“I think careers are a 20th century invention…And I don’t want one.”
– Chris McCandless, from the film Into the Wild
“So, you mean you’ve made a career out of moving to other countries?” The girl with the Katie Holmes haircut asked, frowning in a way that suggested she found that idea disturbing. We were at a friend’s dinner party and I’d just filled her in on some of the places I’d lived before moving to Tokyo. I imagined the words ‘flake’ and ‘ambitionless drifter’ were flashing across her mind’s eye, like neon red “Danger! Do not engage!’ signs.
“Well, um…Not a career exactly,” I replied, thinking about my resume of odd jobs; Swim instructor, English teacher, au pair, dog walker. “I guess I’ve just been on this quest to find my purpose in life, you know? And then I moved to Japan and realized that maybe my purpose in life is to accept the fact that I don’t have a purpose.”
There was this pause and then Katie Holmes Haircut said: “Wow, that’s deep.” She smirked and a few people who’d been listening laughed. Katie Holmes Haircut, I was later informed, is the proud owner of a Real Job. In return for spending six days a week analyzing the subtle differences between ‘Desert Sand’ and ‘Deep Peach’ eyeshadow colors, she gets a hefty allowance and a grown-up apartment with like, real furniture and everything. She doesn’t have to buy discount Wallmart-blue chair cushions from Ikea because she (unlike me) can afford to buy actual chairs. Girls with Katie Holmes Haircuts will never understand me.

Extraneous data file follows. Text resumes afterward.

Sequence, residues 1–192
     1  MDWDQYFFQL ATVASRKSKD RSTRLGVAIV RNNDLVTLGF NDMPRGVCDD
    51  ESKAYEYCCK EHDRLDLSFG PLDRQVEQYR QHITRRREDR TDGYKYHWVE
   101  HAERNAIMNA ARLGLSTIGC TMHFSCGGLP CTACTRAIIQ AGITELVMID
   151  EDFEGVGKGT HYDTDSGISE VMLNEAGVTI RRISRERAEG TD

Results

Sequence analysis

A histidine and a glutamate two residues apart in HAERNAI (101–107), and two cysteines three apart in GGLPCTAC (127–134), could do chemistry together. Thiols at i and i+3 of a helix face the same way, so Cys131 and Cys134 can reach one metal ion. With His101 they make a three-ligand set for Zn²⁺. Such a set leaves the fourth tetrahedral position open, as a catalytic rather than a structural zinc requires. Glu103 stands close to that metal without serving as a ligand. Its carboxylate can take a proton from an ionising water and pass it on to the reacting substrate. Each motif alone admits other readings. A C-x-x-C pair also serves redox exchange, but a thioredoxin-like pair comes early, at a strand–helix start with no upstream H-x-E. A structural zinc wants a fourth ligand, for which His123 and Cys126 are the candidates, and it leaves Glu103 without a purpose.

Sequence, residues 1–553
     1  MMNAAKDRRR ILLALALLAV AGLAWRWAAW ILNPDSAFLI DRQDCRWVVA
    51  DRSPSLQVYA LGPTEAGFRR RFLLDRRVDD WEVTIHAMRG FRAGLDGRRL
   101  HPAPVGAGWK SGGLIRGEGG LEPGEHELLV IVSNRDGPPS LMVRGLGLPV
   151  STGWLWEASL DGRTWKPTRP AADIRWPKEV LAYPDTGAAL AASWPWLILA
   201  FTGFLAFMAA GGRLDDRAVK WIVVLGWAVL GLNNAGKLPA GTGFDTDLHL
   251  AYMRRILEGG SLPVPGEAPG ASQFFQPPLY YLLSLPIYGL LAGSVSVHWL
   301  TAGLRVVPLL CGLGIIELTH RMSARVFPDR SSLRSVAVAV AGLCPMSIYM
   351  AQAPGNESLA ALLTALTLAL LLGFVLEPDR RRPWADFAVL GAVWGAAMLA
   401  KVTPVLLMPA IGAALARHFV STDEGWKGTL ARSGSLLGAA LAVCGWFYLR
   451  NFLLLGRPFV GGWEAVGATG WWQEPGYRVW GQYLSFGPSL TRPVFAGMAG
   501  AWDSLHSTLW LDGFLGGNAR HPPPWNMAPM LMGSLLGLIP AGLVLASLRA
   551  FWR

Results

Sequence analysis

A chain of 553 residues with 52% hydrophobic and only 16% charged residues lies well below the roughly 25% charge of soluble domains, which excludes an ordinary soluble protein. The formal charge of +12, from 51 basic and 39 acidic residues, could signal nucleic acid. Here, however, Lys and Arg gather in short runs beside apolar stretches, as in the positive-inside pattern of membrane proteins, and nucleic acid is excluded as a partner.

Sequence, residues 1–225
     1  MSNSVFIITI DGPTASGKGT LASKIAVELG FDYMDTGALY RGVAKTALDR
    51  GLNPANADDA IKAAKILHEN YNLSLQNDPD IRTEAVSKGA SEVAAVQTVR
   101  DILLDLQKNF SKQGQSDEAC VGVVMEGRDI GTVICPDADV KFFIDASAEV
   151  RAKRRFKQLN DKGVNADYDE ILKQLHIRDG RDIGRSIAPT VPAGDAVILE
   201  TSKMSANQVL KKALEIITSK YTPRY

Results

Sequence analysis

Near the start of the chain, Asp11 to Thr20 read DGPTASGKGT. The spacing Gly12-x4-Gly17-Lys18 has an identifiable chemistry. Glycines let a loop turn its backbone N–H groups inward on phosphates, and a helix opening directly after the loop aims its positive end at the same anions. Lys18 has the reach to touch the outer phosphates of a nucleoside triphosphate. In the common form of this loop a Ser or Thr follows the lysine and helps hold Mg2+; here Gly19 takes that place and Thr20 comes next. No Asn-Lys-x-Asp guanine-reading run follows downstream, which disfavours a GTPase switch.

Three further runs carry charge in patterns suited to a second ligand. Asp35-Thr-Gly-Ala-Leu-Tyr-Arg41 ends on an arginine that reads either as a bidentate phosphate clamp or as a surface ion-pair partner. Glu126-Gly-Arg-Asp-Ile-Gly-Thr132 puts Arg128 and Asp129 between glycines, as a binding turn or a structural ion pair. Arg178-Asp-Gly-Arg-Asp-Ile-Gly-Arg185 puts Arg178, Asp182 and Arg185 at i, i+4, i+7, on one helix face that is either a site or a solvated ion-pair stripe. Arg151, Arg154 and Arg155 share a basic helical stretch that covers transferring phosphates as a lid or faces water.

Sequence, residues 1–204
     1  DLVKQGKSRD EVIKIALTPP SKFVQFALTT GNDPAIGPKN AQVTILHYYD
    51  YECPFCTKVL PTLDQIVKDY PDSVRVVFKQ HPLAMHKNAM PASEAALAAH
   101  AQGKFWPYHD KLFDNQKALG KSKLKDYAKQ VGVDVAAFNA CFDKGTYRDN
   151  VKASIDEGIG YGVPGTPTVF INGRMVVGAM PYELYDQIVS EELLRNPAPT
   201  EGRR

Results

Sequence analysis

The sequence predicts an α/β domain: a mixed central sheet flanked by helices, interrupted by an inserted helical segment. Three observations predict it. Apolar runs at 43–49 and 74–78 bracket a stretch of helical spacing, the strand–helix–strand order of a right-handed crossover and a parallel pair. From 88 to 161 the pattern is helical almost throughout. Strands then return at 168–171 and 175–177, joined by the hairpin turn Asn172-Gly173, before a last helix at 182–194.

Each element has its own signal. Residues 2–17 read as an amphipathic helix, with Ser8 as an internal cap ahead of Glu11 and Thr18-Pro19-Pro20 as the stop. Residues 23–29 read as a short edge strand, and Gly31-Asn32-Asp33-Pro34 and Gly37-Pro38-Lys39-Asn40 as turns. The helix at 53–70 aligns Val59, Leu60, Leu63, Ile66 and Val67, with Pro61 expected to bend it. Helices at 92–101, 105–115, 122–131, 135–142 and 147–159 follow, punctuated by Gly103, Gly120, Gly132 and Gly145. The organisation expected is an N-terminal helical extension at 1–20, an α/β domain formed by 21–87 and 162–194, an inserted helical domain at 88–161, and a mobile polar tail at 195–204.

“I’m serious!” I insisted, giving it a shot anyway. From my perch on the kitchen counter overlooking the rest of the guests, I felt a little like a misunderstood Messiah. I could feel the weight of truth behind my words and I looked at all of them in earnest. “Maybe I’ll never have a career, but that won’t matter. It’s not like when I’m dead and buried that my tombstone will read, ‘Here lies Reannon, English teacher.’ My job isn’t my identity. It’s not who I am and it’s not how I want to be remembered.”
They all looked at me quizzically. It was a look I was familiar with because it’s the same look I give the Salarymen who sleep soundly while standing up on the train; it’s a spectacular feat to behold and yet leaves me with the suspicious feeling that perhaps they aren’t all together human. I hastily shoved some chocolate-covered peanuts in my mouth so that I wouldn’t embarrass myself with any further inappropriate self-revelations.
Learning how to stop equating a ‘career’ with ‘the key to a happy existence’ has probably been the greatest lesson I’ve learned since moving to Japan. It hasn’t been easy. I’ve felt a lot of guilt and shame for approaching my late 20’s without having hit those requisite milestones: career, marriage, baby. Living in the Land of the Rising Overachievers has made it especially hard not to feel like I’ve failed at life somehow.
But then I watch the Salarymen in the morning as they attempt to squeeze in a few last minute Z’s on the train ride to work and I notice their shiny black leather shoes and can picture them waking up early to meticulously polish off the scuff marks. I think about all of the cans of coffee they must have downed in order to give them the boost of energy to walk up the stairs to the train platform. And I think of the thousands of men who die each year due to the stress of overworking and the thousands who chose death rather than living with the shame of being unemployed.
And I breathe a sigh of relief that I’m not one of them.